Democrats criticize Republican budget plan
Democrats spent Thursday afternoon criticizing and dismissing an alternative budget plan that Republicans say would eliminate the need for trigger cuts to schools if Gov. Jerry Brown's tax plan fails in November.
Brown’s Department of Finance said Republicans overestimated some money-saving proposals and called others legally impossible. That includes a suggestion to divert $1.33 billion from mental healthcare, the biggest line item in the Republican's plan.
"These proposals just don’t add up to an honest budget," said Gil Duran, a spokesman for Brown. "Efforts to work with Republicans in a bipartisan manner have generally not been productive."
But Republicans said several of their ideas were used by Democrats just last year to balance the state's books. They said funding should be shifted to protect schools and colleges, which would lose more than $5 billion if voters don't approve Brown's plan to raise taxes.
“We don’t want to use kids as political pawns in this state budget,” said Sen. Bill Emmerson (R-Hemet), the top Republican on the Senate budget committee. “We want to avoid teacher layoffs.”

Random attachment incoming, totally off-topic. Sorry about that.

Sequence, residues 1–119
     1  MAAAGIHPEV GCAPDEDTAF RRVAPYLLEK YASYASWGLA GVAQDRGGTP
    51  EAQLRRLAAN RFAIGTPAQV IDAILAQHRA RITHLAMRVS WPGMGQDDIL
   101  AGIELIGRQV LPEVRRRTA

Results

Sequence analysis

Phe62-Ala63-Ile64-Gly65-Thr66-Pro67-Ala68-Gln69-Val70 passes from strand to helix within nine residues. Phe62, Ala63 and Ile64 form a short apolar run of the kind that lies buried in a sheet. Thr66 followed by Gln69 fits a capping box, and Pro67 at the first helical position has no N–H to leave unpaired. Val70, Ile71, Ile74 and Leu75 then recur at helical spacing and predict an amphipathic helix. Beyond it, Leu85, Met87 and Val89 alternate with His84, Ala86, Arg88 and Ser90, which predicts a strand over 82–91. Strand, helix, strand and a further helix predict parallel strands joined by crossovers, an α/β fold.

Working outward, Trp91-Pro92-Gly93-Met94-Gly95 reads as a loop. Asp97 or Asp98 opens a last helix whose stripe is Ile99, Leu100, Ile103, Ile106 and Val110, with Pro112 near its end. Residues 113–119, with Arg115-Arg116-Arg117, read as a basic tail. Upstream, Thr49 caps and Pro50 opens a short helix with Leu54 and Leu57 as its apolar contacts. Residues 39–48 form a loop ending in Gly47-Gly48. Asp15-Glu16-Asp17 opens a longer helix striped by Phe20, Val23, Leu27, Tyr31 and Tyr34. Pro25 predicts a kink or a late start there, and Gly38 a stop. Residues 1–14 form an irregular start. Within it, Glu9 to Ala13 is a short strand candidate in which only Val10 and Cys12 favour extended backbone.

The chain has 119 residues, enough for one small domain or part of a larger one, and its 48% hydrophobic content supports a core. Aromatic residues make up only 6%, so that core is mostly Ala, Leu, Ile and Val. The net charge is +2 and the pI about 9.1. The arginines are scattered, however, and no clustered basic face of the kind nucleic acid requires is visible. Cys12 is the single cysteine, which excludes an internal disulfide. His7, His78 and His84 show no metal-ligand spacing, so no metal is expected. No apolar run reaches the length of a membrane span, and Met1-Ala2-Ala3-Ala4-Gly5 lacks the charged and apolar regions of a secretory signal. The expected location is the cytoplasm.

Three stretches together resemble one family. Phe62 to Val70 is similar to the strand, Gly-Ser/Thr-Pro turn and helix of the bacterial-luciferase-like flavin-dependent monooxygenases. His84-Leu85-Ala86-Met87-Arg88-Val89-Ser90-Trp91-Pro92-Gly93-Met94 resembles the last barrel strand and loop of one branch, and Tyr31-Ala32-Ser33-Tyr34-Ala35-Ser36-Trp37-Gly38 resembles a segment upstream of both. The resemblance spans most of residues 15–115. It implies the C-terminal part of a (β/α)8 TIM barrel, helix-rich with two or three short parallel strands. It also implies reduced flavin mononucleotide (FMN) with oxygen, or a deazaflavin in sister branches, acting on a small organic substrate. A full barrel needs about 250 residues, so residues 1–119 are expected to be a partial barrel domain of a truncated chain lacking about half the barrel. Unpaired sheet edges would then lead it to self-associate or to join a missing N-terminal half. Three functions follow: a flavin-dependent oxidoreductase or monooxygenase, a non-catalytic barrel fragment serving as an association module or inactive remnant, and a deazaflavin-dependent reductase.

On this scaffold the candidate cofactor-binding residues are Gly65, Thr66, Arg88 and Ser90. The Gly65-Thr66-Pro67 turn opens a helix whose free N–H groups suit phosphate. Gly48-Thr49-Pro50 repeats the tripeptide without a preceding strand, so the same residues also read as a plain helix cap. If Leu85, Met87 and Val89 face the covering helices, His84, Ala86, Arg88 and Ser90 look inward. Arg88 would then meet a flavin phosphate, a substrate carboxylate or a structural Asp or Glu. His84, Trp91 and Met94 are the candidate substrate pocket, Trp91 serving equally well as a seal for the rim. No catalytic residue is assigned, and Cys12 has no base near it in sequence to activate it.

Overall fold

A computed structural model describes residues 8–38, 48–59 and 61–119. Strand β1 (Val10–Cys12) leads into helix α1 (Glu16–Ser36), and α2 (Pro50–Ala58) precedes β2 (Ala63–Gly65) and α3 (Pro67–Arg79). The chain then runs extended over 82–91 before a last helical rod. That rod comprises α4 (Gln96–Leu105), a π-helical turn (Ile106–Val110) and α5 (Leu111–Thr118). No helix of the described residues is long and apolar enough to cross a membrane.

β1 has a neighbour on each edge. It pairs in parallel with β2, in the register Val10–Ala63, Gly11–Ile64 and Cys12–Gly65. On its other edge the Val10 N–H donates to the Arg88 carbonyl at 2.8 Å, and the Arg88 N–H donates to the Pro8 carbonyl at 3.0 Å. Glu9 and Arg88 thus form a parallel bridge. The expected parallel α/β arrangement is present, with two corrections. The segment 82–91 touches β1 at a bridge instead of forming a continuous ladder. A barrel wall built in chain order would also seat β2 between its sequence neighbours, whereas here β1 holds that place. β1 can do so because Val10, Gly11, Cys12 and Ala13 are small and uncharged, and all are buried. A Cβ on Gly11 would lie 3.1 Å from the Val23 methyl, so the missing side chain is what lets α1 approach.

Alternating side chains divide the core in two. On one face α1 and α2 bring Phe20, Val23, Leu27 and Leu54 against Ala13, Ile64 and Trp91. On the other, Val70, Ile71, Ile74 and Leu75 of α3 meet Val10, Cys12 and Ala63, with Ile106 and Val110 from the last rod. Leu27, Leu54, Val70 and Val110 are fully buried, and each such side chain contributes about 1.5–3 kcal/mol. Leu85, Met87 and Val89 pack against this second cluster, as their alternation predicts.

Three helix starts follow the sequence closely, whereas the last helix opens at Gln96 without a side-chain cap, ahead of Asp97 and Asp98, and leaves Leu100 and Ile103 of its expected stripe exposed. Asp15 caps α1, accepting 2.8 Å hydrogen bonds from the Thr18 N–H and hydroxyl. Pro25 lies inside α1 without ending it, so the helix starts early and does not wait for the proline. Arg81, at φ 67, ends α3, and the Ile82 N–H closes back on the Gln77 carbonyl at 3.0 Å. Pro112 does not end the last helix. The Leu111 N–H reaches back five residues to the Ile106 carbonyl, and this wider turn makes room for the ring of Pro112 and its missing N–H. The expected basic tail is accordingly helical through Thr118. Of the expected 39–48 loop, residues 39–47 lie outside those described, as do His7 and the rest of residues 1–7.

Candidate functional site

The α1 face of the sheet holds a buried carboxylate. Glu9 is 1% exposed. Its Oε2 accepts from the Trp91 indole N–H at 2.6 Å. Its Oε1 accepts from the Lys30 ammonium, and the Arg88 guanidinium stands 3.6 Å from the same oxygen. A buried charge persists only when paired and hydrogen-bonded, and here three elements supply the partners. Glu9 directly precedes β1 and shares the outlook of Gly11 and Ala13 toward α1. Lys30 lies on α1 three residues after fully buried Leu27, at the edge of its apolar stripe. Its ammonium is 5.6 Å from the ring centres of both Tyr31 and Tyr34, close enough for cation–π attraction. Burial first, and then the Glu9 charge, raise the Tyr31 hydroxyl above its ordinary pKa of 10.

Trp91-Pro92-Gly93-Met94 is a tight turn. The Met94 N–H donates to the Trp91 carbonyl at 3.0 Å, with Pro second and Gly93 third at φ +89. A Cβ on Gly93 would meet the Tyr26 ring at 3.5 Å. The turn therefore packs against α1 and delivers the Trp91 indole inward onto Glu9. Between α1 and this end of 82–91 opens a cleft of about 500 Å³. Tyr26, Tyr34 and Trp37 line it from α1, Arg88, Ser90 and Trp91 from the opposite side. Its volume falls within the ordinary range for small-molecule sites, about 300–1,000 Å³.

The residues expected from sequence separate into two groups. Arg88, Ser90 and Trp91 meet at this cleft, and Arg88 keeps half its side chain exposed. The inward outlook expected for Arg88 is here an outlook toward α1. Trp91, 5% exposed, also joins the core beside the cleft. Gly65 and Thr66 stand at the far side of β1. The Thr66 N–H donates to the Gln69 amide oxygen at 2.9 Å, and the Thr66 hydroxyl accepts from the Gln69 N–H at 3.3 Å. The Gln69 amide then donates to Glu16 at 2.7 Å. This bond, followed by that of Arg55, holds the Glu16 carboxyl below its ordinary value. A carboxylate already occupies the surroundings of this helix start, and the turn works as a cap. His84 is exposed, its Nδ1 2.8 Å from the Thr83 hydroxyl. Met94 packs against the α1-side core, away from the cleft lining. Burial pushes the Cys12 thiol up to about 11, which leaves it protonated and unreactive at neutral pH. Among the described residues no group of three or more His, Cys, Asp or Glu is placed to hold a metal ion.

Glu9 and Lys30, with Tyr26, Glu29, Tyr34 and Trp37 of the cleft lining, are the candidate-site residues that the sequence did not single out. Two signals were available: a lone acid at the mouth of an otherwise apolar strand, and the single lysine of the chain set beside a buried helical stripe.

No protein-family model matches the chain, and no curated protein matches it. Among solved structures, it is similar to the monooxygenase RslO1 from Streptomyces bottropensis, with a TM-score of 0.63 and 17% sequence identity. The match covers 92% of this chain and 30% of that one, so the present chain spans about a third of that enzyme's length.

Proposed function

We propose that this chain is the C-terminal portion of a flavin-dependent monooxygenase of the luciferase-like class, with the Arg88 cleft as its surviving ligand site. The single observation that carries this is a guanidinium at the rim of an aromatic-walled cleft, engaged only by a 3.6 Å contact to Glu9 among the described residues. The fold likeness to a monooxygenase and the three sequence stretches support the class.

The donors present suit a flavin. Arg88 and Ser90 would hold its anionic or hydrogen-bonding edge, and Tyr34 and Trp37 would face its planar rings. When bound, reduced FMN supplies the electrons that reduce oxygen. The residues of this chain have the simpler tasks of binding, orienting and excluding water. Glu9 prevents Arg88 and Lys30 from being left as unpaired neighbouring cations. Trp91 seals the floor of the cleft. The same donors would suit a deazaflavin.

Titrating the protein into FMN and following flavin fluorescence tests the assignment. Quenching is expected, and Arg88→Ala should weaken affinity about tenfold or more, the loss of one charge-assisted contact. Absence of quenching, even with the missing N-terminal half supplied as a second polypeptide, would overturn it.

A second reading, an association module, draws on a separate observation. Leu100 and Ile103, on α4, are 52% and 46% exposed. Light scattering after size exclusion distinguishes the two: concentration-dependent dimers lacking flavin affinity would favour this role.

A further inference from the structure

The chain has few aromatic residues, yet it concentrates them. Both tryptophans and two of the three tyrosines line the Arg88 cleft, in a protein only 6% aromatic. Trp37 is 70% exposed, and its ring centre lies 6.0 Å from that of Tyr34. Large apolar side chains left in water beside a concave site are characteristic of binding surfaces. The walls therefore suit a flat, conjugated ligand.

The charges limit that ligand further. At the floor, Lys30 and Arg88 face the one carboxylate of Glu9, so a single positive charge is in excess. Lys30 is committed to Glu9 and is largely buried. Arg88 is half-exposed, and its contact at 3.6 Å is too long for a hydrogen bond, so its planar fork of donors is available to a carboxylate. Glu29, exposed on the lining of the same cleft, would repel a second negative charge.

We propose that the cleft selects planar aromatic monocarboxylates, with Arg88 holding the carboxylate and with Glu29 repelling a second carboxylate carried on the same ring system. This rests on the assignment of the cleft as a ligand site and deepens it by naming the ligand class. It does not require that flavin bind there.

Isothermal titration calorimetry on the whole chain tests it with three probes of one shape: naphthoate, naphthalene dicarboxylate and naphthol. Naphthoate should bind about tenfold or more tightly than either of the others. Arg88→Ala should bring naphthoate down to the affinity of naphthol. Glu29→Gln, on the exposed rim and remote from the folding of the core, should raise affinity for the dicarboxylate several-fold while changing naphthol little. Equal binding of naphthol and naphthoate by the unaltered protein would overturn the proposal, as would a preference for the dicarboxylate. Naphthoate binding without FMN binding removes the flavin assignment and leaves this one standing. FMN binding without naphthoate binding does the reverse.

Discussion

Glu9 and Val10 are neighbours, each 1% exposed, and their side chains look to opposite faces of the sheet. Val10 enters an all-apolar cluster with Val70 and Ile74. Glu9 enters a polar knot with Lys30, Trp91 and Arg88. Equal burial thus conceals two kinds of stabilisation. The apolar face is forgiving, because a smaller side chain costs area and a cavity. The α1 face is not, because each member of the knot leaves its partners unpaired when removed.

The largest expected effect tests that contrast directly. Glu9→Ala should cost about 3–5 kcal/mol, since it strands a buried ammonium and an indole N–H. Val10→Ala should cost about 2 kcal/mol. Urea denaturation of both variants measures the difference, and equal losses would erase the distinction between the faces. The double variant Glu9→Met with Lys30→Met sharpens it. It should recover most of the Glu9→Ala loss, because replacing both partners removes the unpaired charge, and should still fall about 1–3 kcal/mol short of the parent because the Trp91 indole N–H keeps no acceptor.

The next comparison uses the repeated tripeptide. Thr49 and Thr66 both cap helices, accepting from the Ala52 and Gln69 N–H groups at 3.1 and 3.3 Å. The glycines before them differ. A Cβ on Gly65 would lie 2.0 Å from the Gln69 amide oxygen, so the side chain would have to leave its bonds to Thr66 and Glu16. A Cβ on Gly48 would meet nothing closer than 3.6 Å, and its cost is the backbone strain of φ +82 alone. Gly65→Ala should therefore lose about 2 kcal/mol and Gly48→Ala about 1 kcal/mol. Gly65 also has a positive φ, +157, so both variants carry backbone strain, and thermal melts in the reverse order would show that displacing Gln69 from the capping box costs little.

Democrats and Republicans sparred over whose plan would benefit the state in the long run.
Senate President Pro Tem Darrell Steinberg (D-Sacramento) touted Brown's plan to raise taxes, saying, "We believe that California needs revenue. We believe that’s a better solution than one-time solutions.”
Senate Republican Leader Bob Huff (R-Diamond Bar) countered by saying Brown is putting California on an "unsustainable trajectory" of spending increases.
PHOTO: Assembly Republican leader Connie Conway (R-Tulare), right, confers with Assembly Speaker John A. Pérez (D-Los Angeles) in the Capitol earlier this year. CREDIT: Rich Pedroncelli /Associated Press
–- Chris Megerian in Sacramento